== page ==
State Supreme Court seeks to relieve foreclosure pressure valve

Friday, March 12, 2010
State Supreme Court seeks to relieve foreclosure pressure valve

Tampa Bay Business Journal – by Jane Meinhardt Staff Writer

The Florida Supreme Court has amended procedures for filing foreclosure complaints involving residential property, requiring lenders and lawyers to verify ownership of the note and providing sanctions for false allegations in foreclosure complaints.

The amendment grew out of a task force’s recommendations designed to help Florida courts handle the huge volume of foreclosure cases and to prevent problems caused when foreclosure plaintiffs are not entitled to enforce notes in complaints.

The verification requirement means lenders and lawyers filing foreclosure complaints have to take steps to prove ownership of mortgages or face the possibility of a perjury charge and fine.

 

Verifying mortgage ownership adds another expense to foreclosure and can be time-consuming for banks and other lenders and lawyers because during the residential real estate boom, mortgages were bundled and sold and resold, often numerous times.

Bankers don’t like it

The Florida Bankers Association urged the court to reject the task force’s verification recommendation.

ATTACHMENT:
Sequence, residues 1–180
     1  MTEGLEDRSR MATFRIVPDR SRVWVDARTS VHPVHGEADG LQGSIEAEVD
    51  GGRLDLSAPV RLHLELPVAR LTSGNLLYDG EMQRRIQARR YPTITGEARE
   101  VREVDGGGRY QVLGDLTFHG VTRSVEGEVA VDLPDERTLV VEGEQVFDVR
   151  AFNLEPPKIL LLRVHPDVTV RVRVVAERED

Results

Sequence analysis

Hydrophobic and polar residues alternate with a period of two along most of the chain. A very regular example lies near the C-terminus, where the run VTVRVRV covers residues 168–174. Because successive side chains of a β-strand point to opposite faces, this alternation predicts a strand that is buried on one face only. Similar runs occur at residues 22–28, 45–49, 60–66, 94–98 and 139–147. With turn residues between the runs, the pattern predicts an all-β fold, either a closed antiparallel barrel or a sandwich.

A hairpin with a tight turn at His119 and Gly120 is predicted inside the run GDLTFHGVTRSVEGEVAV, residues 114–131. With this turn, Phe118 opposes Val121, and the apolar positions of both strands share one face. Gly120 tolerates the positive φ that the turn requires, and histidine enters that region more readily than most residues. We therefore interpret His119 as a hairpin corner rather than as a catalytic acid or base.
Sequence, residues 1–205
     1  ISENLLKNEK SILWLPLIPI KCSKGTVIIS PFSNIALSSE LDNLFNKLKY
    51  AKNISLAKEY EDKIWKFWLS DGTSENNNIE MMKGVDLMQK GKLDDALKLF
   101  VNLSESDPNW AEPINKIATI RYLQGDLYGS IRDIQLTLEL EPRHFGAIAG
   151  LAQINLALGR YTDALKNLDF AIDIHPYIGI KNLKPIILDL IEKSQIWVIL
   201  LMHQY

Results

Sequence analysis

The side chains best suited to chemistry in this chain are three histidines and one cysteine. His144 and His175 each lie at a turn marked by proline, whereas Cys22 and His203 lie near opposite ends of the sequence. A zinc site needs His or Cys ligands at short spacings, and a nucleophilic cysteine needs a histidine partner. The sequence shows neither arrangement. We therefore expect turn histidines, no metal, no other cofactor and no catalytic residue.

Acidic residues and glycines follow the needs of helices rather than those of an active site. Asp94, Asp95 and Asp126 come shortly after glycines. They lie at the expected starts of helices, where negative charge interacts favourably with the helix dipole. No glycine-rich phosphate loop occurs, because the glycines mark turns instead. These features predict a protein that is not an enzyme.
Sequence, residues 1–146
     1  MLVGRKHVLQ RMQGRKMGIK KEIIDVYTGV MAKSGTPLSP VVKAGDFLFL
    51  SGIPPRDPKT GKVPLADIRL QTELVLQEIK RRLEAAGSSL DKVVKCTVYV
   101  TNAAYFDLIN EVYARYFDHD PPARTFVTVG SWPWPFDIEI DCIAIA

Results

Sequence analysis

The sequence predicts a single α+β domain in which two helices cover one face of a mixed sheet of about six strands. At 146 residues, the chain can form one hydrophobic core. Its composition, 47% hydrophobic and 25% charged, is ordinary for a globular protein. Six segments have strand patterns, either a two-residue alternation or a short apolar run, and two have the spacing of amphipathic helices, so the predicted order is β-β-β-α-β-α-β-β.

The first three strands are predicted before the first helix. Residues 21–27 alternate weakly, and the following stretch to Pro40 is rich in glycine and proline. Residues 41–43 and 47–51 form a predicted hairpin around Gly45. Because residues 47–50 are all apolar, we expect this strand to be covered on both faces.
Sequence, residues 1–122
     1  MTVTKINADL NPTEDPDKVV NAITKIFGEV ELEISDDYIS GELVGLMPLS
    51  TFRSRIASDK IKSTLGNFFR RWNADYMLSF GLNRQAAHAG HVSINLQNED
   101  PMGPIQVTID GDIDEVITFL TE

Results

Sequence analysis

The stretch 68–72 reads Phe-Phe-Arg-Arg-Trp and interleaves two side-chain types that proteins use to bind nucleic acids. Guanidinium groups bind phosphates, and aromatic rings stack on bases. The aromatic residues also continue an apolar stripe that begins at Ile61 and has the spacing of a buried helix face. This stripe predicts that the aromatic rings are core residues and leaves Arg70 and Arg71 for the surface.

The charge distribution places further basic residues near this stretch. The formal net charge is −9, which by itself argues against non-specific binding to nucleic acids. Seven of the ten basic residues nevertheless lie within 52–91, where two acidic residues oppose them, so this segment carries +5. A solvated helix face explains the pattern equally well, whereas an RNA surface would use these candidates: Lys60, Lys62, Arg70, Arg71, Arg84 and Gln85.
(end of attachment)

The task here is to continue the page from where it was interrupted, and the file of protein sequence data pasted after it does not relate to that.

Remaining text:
Virtually all paper documents related to a note and mortgage are converted to electronic files almost immediately after the loan is closed, and physical documents are eliminated to avoid confusion, said Alex Sanchez, CEO and president of the association.

He and the banking organization contend courts already have the authority to sanction lawyers and others who assert improper foreclosure claims.

Ownership of a note or lost note claims are issues in most of the residential foreclosure complaints Michael Wasylik handles.

“In the vast majority of my cases, the note is no longer owned by the original lender,” said Wasylik, a Dade City foreclosure defense lawyer and president of the Florida Foreclosure Defense Bar Association. “Many of the original lenders were essentially brokering loans for others and quickly flipped them to larger investors. Often the plaintiff foreclosing is not the lender but a successor at best.”